groundwater

groundwater - This page last updated on 12-Apr-2011 EENS...

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Unformatted text preview: This page last updated on 12-Apr-2011 EENS 1110 Physical Geology Tulane University Prof. Stephen A. Nelson Groundwater Groundwater is water that exists in the pore spaces and fractures in rock and sediment beneath the Earth's surface. It originates as rainfall or snow, and then moves through the soil into the groundwater system, where it eventually makes its way back to surface streams, lakes, or oceans. z Groundwater makes up about 1% of the water on Earth (most water is in oceans). z But, groundwater makes up about 35 times the amount of water in lakes and streams. z Groundwater occurs everywhere beneath the Earth's surface, but is usually restricted to depths less that about 750 meters. z The volume of groundwater is a equivalent to a 55 meter thick layer spread out over the entire surface of the Earth. z It is an important resource for potable water, irrigation, and industry. z Because it is largely hidden from view, it is often forgotten and subject to contamination by careless humans. z Groundwater is a primary agent of chemical weathering and is responsible for the formation of caves and sinkholes. The Groundwater System Groundwater resides in the void spaces of rock, sediment, or soil, completely filling the voids. The total volume of open space in which the groundwater can reside is porosity . Porosity determines the amount of water that a rock or sediment can contain. Porosity In sediments or sedimentary rocks the porosity depends on grain size, the shapes of the grains, and the degree of sorting, and the degree of cementation. Groundwater 4/12/2011 Page 1 of 11 z Well-rounded coarse-grained sediments usually have higher porosity than fine-grained sediments, because the grains do not fit together well. z Poorly sorted sediments usually have lower porosity because the fine-grained fragments tend to fill in the open space. z Since cements tend to fill in the pore space, highly cemented sedimentary rocks have lower porosity. z In igneous and metamorphic rocks porosity is usually low because the minerals tend to be intergrown, leaving little free space. Highly fractured igneous and metamorphic rocks, however, could have high porosity Secondary porosity is porosity that developed after rock formation. Processes such as fracturing, faulting, and dissolution can create secondary porosity. Permeability is a measure of the degree to which the pore spaces are interconnected, and the size of the interconnections. Low porosity usually results in low permeability, but high porosity does not necessarily imply high permeability. It is possible to have a highly porous rock with little or no interconnections between pores. A good example of a rock with high porosity and low permeability is a vesicular volcanic rock, where the bubbles that once contained gas give Groundwater 4/12/2011 Page 2 of 11 the rock a high porosity, but since these holes are not connected to one another the rock has low permeability....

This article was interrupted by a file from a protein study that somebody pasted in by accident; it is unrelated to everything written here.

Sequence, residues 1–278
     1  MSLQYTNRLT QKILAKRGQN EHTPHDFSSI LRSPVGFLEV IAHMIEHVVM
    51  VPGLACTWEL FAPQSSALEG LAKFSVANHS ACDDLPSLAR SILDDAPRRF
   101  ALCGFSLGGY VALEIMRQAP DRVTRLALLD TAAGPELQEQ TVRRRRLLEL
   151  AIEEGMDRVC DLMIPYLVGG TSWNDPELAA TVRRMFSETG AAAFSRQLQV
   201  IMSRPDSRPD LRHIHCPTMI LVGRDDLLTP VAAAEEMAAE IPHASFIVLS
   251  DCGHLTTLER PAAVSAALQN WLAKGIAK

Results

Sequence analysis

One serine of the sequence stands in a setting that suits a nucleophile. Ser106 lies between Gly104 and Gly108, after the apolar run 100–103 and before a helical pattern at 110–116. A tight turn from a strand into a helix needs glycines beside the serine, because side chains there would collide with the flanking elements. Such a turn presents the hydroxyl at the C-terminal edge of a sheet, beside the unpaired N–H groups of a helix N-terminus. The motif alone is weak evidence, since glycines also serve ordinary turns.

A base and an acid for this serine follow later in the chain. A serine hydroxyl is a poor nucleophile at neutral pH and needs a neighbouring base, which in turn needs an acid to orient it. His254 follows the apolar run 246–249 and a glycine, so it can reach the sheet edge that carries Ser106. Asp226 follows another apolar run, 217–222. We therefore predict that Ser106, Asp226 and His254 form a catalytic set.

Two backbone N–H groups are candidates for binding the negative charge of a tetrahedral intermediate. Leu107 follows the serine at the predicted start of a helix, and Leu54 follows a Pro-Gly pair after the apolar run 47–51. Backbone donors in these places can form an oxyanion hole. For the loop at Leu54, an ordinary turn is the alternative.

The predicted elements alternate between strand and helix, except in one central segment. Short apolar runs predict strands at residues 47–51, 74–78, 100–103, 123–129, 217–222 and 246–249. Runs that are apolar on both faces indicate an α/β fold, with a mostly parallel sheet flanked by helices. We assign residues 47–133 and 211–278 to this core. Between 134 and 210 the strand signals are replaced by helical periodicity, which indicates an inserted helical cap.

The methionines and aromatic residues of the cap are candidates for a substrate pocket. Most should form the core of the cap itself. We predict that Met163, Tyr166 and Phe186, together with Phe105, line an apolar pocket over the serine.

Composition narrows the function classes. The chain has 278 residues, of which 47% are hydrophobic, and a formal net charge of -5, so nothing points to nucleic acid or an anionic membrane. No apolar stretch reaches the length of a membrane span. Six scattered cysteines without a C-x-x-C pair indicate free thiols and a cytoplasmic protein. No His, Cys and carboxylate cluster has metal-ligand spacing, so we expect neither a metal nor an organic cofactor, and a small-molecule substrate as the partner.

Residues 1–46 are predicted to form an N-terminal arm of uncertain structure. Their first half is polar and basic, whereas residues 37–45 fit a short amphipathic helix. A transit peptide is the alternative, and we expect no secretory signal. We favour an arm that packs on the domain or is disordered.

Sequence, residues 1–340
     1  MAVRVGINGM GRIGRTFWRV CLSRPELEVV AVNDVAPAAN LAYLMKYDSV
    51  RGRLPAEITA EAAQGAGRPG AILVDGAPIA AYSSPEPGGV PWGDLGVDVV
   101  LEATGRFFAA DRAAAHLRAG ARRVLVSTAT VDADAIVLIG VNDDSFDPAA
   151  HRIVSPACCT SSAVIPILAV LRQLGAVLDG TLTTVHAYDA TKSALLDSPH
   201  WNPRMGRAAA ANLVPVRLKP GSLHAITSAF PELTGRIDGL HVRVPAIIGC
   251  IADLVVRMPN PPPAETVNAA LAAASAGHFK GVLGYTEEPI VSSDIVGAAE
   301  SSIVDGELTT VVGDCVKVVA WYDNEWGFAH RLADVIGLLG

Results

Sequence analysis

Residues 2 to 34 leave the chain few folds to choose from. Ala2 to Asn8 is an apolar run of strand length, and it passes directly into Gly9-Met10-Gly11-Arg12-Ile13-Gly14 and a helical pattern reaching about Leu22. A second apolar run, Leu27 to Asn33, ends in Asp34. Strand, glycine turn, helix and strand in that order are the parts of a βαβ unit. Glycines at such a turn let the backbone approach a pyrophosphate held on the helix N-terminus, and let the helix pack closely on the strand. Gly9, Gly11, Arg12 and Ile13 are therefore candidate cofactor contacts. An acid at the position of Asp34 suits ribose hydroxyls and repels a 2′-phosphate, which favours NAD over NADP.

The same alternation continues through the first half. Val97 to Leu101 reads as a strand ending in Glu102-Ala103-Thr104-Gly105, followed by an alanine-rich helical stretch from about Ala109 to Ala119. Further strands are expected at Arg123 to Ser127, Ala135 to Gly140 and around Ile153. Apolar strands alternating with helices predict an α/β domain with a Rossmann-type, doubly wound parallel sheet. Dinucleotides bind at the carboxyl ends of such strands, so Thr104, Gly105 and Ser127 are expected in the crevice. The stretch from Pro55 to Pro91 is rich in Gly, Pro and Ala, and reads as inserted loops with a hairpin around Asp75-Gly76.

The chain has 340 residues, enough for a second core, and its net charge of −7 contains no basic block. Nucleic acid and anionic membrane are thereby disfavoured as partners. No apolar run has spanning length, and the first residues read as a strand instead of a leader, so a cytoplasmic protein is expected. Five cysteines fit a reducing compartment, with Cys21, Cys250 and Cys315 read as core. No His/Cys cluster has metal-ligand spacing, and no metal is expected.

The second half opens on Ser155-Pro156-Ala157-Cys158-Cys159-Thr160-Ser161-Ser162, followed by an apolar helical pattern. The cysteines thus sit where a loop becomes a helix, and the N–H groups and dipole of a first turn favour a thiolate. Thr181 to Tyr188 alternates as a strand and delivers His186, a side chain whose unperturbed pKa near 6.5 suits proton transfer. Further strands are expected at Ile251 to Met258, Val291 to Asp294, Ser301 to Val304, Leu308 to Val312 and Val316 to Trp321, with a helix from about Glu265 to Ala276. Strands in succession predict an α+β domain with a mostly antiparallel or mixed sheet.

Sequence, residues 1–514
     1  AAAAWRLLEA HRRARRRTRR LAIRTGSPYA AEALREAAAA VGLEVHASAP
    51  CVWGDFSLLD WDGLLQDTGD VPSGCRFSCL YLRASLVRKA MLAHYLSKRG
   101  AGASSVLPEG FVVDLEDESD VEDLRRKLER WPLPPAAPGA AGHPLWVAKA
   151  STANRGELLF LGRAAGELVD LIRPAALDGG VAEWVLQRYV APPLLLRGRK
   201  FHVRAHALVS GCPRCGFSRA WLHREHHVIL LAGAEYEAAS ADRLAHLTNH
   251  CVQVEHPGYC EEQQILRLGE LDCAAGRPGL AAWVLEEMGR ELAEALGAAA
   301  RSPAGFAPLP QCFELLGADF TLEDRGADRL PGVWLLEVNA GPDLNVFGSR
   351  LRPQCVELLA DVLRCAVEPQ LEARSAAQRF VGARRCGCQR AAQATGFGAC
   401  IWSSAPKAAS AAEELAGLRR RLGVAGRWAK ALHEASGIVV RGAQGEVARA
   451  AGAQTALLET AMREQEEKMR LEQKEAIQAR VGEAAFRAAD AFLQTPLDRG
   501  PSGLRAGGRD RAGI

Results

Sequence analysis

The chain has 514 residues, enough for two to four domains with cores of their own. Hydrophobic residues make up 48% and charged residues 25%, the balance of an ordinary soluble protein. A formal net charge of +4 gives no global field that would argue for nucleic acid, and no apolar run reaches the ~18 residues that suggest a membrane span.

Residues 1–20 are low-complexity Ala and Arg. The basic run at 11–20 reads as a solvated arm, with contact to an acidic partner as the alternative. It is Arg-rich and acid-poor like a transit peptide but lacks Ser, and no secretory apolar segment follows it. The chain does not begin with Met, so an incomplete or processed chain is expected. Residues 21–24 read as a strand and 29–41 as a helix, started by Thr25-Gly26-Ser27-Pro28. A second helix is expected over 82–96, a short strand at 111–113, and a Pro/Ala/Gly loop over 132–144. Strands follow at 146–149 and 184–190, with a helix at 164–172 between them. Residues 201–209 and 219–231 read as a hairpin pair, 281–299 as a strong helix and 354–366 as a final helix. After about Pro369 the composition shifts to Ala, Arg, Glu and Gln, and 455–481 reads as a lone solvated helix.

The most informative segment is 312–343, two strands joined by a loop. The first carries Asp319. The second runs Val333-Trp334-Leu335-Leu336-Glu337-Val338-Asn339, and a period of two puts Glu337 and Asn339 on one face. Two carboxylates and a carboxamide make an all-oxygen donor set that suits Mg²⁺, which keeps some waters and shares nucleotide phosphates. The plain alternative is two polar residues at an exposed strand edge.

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This note was uploaded on 02/01/2012 for the course EENS 1110 taught by Professor Staff during the Fall '10 term at Tulane.

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groundwater - This page last updated on 12-Apr-2011 EENS...

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